Paradox with a P

Posted on October 28, 2012


It seems like one of the paradoxes of adult life is how to interject variety into a healthy but potentially boring routine.  I was thinking about this just this morning as I prepared, yet again, the same breakfast I have been eating for years – yogurt, a few tablespoons of raw rolled oats, some chopped almonds and fresh fruit.  The first three ingredients are a constant, but the choice of fruit shifts with the seasons, preventing monotony from ever setting in.

Every season has its charms, but I particularly enjoy this segment of the year during which the summer peaches segue into late summer pomegranates, which are followed by burnt-orange persimmons.   Of course the “P” sequence doesn’t play out so neatly, and like now, when baskets of persimmons are filling the greengrocer’s shelves, there is a lovely overlap.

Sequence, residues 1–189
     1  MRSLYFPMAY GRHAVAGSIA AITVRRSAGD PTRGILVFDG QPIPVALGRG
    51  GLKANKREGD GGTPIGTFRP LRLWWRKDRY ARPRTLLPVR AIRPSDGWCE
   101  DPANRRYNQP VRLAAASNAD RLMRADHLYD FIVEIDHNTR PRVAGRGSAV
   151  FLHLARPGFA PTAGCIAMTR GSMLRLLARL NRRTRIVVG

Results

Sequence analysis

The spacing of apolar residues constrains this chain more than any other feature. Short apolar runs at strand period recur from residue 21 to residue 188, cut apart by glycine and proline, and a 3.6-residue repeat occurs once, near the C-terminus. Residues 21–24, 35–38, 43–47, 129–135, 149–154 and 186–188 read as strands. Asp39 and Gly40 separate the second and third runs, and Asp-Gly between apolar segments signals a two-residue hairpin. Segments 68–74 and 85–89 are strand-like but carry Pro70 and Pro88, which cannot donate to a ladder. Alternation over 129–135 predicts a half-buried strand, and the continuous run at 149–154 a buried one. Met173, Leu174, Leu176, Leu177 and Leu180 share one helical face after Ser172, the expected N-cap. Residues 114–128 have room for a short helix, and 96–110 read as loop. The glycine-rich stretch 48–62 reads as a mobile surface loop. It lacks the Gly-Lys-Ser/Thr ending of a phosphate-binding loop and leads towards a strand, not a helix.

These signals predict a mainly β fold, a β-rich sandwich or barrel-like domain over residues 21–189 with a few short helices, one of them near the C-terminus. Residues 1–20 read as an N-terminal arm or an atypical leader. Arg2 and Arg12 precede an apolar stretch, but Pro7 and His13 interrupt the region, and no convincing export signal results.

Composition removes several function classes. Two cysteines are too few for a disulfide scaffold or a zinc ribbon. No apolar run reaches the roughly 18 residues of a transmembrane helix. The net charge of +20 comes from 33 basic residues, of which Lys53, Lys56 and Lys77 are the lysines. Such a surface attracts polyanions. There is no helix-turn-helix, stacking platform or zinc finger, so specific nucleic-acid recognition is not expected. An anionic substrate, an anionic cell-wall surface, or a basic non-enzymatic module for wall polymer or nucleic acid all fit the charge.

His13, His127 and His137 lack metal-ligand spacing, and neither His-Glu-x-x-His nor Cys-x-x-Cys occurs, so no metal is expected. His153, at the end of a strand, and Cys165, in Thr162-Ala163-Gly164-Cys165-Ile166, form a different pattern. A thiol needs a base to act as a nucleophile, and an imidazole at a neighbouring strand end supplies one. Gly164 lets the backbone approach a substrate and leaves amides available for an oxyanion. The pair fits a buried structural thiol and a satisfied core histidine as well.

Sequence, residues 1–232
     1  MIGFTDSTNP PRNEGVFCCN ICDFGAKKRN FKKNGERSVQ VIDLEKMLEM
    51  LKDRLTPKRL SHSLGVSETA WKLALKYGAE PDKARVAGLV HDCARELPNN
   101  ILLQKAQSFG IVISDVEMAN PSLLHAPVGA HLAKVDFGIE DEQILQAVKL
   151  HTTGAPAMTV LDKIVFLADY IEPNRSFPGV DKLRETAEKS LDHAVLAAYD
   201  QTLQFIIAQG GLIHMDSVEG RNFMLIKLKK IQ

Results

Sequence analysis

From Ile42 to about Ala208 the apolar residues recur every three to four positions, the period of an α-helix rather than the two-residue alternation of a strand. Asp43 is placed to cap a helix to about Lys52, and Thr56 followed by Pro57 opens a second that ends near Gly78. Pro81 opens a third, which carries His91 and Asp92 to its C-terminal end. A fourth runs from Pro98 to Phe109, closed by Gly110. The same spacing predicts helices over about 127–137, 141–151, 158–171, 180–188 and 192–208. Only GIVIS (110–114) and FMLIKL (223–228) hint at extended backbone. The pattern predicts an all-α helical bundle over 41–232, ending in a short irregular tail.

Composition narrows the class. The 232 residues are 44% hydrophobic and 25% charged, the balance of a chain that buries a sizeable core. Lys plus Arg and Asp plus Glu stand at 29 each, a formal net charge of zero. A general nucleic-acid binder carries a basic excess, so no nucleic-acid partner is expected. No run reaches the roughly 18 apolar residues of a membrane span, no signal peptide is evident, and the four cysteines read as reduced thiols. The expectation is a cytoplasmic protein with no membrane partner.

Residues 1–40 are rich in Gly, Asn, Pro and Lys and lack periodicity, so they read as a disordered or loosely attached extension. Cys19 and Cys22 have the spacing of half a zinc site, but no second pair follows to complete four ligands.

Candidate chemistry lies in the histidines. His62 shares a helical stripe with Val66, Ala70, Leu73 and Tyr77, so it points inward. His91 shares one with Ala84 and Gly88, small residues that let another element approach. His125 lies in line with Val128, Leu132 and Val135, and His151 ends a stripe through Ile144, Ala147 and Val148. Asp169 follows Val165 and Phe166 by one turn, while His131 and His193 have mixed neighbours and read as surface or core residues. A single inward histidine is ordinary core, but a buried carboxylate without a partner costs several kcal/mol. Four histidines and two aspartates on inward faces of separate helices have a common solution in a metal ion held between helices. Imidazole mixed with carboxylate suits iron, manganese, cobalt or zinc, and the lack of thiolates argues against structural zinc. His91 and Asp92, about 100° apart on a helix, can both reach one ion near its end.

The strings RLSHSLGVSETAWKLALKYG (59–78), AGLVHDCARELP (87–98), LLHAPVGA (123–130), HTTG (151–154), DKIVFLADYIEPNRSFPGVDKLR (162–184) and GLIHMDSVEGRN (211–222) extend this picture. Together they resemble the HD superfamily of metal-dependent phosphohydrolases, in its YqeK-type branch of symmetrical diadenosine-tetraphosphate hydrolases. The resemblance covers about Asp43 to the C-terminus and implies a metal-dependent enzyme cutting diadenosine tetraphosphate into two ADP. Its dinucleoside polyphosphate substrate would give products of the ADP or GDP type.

We have two pomegranate bushes in our yard – one variety that ripens early in the season, with intensely sweet, ruby red seeds, and a second, late bloomer, that yields pale pink fruit that is almost too tart.  When we built an addition onto our house over a decade ago, this bush was bulldozed flat, then miraculously came back to life, and I believe its fruit has special properties.   Now at the end of October, I’m sharing its yields with the insects who have already bored holes into its thick skin – cutting away the good parts and mixing the sour jewels with chunks of chopped persimmon for an exceptionally chewy, complex and sublime meal.

Hosting a group of Americans on a culinary tour last week, we had a chance to taste fresh pomegranates, which two of the six participants acknowledged that they’d never eaten before.  And I realized that having not one, but two pomegranate bushes in my own yard is anything but routine.